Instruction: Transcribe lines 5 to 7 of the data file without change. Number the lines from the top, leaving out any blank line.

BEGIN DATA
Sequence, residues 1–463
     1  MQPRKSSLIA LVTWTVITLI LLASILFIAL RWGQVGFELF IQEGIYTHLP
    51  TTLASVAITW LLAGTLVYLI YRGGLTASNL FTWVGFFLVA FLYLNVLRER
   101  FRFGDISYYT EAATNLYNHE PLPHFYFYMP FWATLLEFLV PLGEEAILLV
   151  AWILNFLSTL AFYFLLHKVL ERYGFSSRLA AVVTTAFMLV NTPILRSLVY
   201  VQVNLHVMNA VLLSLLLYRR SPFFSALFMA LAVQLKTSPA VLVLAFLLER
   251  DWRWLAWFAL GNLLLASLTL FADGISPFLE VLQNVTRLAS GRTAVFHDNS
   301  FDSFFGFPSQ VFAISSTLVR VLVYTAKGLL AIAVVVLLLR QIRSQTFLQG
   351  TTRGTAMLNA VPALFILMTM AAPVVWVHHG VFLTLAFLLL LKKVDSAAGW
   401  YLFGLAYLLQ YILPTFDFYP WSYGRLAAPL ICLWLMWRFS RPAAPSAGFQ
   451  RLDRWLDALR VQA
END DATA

   151  AWILNFLSTL AFYFLLHKVL ERYGFSSRLA AVVTTAFMLV NTPILRSLVY
   201  VQVNLHVMNA VLLSLLLYRR SPFFSALFMA LAVQLKTSPA VLVLAFLLER
   251  DWRWLAWFAL GNLLLASLTL FADGISPFLE VLQNVTRLAS GRTAVFHDNS